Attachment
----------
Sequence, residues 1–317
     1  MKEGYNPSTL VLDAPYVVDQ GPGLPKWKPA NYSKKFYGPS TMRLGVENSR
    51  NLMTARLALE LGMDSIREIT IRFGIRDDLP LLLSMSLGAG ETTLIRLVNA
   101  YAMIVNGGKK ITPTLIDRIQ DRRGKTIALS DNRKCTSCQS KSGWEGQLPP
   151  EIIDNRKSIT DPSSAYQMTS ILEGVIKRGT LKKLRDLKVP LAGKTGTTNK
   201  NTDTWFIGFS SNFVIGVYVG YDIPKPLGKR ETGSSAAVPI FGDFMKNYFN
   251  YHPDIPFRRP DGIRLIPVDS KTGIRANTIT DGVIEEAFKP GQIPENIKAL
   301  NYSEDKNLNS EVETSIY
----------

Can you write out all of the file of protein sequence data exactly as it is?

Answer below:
Sequence, residues 1–317
     1  MKEGYNPSTL VLDAPYVVDQ GPGLPKWKPA NYSKKFYGPS TMRLGVENSR
    51  NLMTARLALE LGMDSIREIT IRFGIRDDLP LLLSMSLGAG ETTLIRLVNA
   101  YAMIVNGGKK ITPTLIDRIQ DRRGKTIALS DNRKCTSCQS KSGWEGQLPP
   151  EIIDNRKSIT DPSSAYQMTS ILEGVIKRGT LKKLRDLKVP LAGKTGTTNK
   201  NTDTWFIGFS SNFVIGVYVG YDIPKPLGKR ETGSSAAVPI FGDFMKNYFN
   251  YHPDIPFRRP DGIRLIPVDS KTGIRANTIT DGVIEEAFKP GQIPENIKAL
   301  NYSEDKNLNS EVETSIY